Since Dave and Kate and Chris have all been talking about characters and creating good characters, I thought I’d talk about one characteristic of characters that – perhaps because of the way I write – baffles even me.
Good characters, like good real people, have doors in their head that say “here you shall not go.” Kind of like real people – or at least sane real people.
Heinlein had some fun with those doors in Stranger, because of course, his character raised by Martians doesn’t have the same closed doors in his head that humans have. So, “You shall not eat your friends” is not a “naturally” closed door to him. Meanwhile he has other closed doors that humans normally don’t have. Like “don’t waste water.”
Call it the superego, if you wish to go all Freudian but real people and real characters have definite barriers. And despite a certain school of thought in the sixties and seventies, those arent’ doors that need to be broken down. Rather they’re the doors that make us admire the person or the character.
By this I don’t mean the “doors” that are tested. Characters might have personal issues that keep them from doing this or that, issues that are detrimental to the character’s development or which stop him/her obtaining the character’s heart’s desire. This is what we call “character development” in the story. But this is not the same as the closed door that shall never be opened, or not unless you want to risk “breaking” the character.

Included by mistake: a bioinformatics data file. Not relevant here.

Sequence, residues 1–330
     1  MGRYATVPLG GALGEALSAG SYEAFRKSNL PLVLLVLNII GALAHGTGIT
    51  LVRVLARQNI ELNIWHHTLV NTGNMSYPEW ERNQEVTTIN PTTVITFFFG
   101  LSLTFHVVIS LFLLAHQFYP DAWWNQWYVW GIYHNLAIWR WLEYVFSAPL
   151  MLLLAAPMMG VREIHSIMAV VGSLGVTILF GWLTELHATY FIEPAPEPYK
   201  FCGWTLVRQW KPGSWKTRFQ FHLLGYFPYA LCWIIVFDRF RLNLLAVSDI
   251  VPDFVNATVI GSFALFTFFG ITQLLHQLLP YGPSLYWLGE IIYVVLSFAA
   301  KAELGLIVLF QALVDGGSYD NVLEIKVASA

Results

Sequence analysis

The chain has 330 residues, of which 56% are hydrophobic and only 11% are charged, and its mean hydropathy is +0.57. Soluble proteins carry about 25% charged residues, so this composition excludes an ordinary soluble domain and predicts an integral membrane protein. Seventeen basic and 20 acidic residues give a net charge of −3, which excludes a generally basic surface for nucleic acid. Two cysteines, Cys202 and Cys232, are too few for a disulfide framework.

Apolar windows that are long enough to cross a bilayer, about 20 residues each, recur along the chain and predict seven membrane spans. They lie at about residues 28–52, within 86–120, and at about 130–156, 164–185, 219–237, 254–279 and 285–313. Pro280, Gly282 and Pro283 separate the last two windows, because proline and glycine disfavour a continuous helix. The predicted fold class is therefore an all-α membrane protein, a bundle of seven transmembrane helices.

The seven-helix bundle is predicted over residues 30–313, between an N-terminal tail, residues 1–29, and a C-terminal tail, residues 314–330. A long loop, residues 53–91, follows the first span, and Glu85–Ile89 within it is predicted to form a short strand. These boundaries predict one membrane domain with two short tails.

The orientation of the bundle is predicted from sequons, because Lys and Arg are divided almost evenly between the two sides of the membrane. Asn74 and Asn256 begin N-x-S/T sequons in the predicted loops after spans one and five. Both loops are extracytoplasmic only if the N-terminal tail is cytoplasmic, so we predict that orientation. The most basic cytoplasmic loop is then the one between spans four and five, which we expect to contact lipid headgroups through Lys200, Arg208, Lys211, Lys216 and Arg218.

Take Anita Blake, in the first few Laurell Hamilton’s. Part of what made her interesting to me was that she didn’t sleep with... well, anyone. She felt the attraction, she was a sensual person, but she had closed that door. Once she opened it, though the series in a way exploded in popularity, the character was broken to me. It’s not that I’m prudish, and I could have found a character interesting who was promiscuous from the beginning. It’s that the character to me, as I read her, necessitated a measure of self discipline. And that vanished.
It would be sort of like my writing a sequel to Darkship Thieves in which Athena is whiney, needy and is terrified of lifting her hand to defend herself. Because one of Thena’s closed doors is the “You shall not be a burden to others” and that includes in self defense. It’s not that she doesn’t feel weak or vulnerable or tired. It’s that the idea of not defending herself, or waiting to be rescued can only occur to her to be dismissed.
It’s a fine balance because to an extent, of course, fiction is supposed to test the character’s limit. On the other hand, you can test it to destruction.
So, how can one do it? How to balance it? And note that I’m asking in earnest, because I have no idea. I can point to other people’s writing and say “Here, she lost it” or “here the character broke.” I think in movie terms we’d say that’s when the character jumped the shark. However, in my own writing, and while I’m working, it’s all clear as coal, and I’m not sure how to test and evaluate whether I broke the character or not. Does any one of you have an idea of how to “see” this?